Aviation is heading toward a major transformation whose impact will be felt throughout the mobility sector. As mobility-as-a-service gains acceptance and new technologies become available, the transportation industry is increasingly looking to the sky for innovative, sustainable ways of moving people and goods from one place to another. Funding for these future air mobility (FAM) solutions has skyrocketed—with an 83% annual increase in just the past five years to a total of more than $10.3 billion. In the first five months of 2021 alone, the industry attracted more than $4.6 billion in funding from venture capital funds and through announced intended mergers with special purpose acquisition companies (SPACs). Most of this funding of the past years has centered on manned advanced air mobility (AAM) solutions, with electric vertical takeoff, landing (eVTOL) air taxis and other passenger options accounting for nearly 80 percent of the total funding. McKinsey (6 minutes)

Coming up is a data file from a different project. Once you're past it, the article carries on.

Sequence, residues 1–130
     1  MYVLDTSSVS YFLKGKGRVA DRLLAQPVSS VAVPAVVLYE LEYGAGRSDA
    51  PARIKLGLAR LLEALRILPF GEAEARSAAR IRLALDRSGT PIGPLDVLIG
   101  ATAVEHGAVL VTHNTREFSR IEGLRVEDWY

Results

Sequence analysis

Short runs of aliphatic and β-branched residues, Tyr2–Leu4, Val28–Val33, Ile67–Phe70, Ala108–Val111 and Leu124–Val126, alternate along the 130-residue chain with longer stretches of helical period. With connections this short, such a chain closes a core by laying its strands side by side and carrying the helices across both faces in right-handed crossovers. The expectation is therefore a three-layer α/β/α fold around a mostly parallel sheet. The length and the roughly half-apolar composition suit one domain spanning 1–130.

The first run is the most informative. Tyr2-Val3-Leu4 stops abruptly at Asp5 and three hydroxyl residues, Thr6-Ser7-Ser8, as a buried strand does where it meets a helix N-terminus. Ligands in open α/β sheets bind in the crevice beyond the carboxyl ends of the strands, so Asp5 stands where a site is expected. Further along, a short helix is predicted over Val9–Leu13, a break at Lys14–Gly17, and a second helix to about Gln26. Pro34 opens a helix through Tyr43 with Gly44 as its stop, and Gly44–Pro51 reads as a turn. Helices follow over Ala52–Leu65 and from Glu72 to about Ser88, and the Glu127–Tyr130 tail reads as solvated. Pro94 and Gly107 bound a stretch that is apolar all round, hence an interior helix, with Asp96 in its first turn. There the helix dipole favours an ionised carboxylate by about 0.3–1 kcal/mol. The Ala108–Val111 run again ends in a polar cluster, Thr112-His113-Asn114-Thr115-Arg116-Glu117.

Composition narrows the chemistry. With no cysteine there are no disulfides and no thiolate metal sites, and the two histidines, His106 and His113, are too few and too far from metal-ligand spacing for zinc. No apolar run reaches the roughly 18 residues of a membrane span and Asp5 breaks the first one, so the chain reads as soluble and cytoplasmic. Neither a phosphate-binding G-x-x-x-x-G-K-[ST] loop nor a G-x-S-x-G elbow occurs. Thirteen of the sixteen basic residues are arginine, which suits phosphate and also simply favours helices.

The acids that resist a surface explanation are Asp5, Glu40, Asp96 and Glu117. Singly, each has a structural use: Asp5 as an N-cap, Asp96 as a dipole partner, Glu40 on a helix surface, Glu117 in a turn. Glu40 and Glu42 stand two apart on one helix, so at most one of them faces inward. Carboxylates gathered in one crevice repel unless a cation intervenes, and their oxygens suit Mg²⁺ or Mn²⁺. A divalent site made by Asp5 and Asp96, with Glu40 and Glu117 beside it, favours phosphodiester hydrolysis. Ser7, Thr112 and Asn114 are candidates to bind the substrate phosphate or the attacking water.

Tyler Cowen is an economist that has spotted top talent in fields ranging from biotech to literature, often years before insiders. How does he do it? Tyler's success at discovering and enabling the most talented people before anyone else notices them boils down to four components: (1) Distribution: Tyler promotes the opportunity in such a way that the talent level of the application pool is extraordinarily high and the people who apply are uniquely earnest. (2) Application: Emergent Ventures’ application is laser focused on the quality of the applicant’s ideas, and boils out the noise of credentials, references and test scores. (3) Selection: Tyler has relentlessly trained his taste for decades, the way a world class athlete trains for the Olympics. (4) Inspiration: Tyler personally encourages winners to be bolder, creating an ambition flywheel as they in turn inspire future applicants. Beginnings (12 minutes)